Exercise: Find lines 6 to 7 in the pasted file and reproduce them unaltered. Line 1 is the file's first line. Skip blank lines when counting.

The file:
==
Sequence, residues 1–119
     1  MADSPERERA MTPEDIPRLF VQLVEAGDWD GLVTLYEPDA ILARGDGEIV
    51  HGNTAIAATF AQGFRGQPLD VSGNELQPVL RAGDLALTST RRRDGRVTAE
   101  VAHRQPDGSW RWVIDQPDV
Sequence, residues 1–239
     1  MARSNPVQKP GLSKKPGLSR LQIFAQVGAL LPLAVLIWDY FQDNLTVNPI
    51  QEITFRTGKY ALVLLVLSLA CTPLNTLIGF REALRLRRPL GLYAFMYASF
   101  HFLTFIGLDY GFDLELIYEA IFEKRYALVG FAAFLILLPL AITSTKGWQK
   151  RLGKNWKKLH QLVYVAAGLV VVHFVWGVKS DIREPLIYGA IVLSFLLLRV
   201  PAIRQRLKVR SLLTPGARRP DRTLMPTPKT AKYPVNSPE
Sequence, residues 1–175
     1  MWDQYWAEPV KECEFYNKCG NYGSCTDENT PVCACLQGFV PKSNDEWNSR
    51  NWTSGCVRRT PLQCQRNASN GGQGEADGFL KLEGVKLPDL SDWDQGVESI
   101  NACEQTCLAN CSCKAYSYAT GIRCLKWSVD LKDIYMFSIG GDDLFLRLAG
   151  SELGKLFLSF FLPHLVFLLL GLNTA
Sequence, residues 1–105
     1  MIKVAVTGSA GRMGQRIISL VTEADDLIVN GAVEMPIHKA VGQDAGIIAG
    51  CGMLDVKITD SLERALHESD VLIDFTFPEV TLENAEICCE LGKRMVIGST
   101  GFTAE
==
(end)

     1  MARSNPVQKP GLSKKPGLSR LQIFAQVGAL LPLAVLIWDY FQDNLTVNPI
    51  QEITFRTGKY ALVLLVLSLA CTPLNTLIGF REALRLRRPL GLYAFMYASF